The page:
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EN ESPAÑOL: El objetivo del presente estudio fue caracterizar el abordaje clínico de la preocupación en el Trastorno de Ansiedad Generalizada (TAG), a partir de cómo terapeutas Cognitivo Conductuales de Buenos Aires la incluyeron en sus intervenciones. Se realizó un análisis secundario sobre entrevistas a 10 terapeutas. Los participantes escucharon un material estímulo cuasi clínico, e intervinieron como si estuviesen con un paciente real. Las entrevistas fueron audiograbadas y transcriptas. Para el análisis de los datos, en el presente estudio se categorizaron las respuestas utilizando el método de investigación cualitativo consensual. Asimismo, se analizó cuantitativamente la proporción de intervenciones enfocadas en la preocupación, utilizando la clasificación multidimensional de intervenciones psicoterapéuticas. Los resultados sugieren la existencia de un bajo grado de acuerdo entre los terapeutas locales respecto a cómo abordar la preocupación en pacientes con estas características. Se discuten potenciales criterios basados en la evidencia que faciliten la toma de decisión clínica al proveer tratamiento a pacientes con TAG. IN ENGLISH: The goal of the present study was to characterize the clinical approach to worry in Generalized Anxiety Disorder (GAD), based on how Cognitive-Behavioral Therapists from Buenos Aires included it in their interventions. A secondary analysis was conducted with inter- views of 10 therapists. Participants were asked to listen to a quasi-clinical material, and to intervene as if they were with a real patient. Interviews were audio-recorded and transcribed. For the data analysis in the present study, responses were categorized using Consensual Qualitative Research methodology, and the proportion of interventions targeting worry was also analyzed using the Multidimensional Classi cation of Psychotherapeutic Interventions. Results suggest the existence of a low degree of agreement among local therapists on how to address worryness in patients with these characteristics. Potential evidence-based criteria to facilitate clinical decision making when treating patients with GAD are discussed.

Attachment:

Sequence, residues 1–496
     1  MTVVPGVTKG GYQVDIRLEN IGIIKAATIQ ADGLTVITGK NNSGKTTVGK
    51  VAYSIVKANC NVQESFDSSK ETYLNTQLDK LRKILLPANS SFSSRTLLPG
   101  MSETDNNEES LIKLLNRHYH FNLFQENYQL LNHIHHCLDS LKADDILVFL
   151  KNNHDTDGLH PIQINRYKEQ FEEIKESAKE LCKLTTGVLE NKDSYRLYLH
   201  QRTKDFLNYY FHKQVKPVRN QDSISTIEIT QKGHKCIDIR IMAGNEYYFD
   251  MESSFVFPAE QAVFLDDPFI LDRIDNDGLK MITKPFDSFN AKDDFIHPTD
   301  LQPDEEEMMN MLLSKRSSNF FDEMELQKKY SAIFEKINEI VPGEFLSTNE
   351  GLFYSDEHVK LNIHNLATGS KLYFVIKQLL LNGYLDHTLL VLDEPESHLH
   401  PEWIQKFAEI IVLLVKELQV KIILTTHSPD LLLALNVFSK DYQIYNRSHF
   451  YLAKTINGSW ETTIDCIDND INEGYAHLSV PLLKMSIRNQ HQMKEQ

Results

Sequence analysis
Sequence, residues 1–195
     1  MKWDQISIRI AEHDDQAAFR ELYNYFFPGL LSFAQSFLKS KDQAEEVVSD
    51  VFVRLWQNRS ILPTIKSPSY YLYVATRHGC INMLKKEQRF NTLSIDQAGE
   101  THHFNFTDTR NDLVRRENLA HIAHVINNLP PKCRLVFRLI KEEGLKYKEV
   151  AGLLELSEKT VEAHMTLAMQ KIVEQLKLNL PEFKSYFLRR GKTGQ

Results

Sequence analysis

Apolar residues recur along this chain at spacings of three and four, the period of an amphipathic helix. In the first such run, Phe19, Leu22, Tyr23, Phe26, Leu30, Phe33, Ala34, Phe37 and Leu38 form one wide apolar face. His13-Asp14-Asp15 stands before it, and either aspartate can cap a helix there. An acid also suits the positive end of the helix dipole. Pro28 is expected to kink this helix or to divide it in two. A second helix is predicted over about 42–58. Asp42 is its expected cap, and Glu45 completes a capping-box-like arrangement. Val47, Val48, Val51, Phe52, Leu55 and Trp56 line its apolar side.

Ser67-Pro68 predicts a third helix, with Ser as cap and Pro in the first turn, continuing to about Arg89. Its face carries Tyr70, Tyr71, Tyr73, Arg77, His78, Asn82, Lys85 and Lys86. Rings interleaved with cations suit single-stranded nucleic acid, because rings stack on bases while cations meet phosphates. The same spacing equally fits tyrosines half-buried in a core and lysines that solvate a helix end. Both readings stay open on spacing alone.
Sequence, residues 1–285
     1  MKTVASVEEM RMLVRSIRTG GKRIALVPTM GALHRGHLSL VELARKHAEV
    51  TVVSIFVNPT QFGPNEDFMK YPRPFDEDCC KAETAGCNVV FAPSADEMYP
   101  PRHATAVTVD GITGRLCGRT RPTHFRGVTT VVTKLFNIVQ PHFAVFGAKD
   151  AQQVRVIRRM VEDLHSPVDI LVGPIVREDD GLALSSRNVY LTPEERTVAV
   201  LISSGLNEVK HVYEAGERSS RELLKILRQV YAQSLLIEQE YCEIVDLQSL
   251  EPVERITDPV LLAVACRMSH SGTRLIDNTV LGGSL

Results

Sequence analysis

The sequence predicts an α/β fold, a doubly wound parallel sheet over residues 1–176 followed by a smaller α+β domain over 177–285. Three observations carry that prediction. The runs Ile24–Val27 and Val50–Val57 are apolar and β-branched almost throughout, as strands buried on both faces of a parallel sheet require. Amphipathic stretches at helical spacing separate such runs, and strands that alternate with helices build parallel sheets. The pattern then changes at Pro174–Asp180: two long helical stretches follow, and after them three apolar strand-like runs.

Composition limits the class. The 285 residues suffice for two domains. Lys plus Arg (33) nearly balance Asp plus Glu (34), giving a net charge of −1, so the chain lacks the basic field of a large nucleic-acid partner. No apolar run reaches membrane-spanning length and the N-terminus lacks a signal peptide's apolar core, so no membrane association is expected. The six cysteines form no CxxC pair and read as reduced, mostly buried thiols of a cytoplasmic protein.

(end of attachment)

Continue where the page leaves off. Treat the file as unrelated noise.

... Indeed, a number of studies show that mindfulness training is effective at improving emotion regulation and research has also shown that the SART is linked to affective outcomes, including negative affect (Mrazek et al., 2012;Smallwood et al., 2009), so we posit that acceptance may be a critical skill for these effects of mindfulness on emotion related outcomes (Lindsay & Creswell, 2015). Acceptance, the embracing of present experience without judgment or attempts to change the experience (Hayes, Luoma, Bond, Masuda, & Lillis, 2006), has been linked to positive outcomes in previous studies of Acceptance Commitment Therapy (ACT) and Emotion Regulation Therapy (ERT), including effects on emotion outcomes (Arch et al., 2012;Bond & Bunce, 2003;Forman et al., 2007;Fresco et al., 2013). The orientation of acceptance is theorized to allow one to attend to negative affective states from a nonreactive perspective (Bieling et al., 2012), which may foster better task performance than an emotionally reactive or judgmental state; and indeed, previous findings suggest that greater negative affect is associated with greater SART errors (Mrazek et al., 2012). ...
Article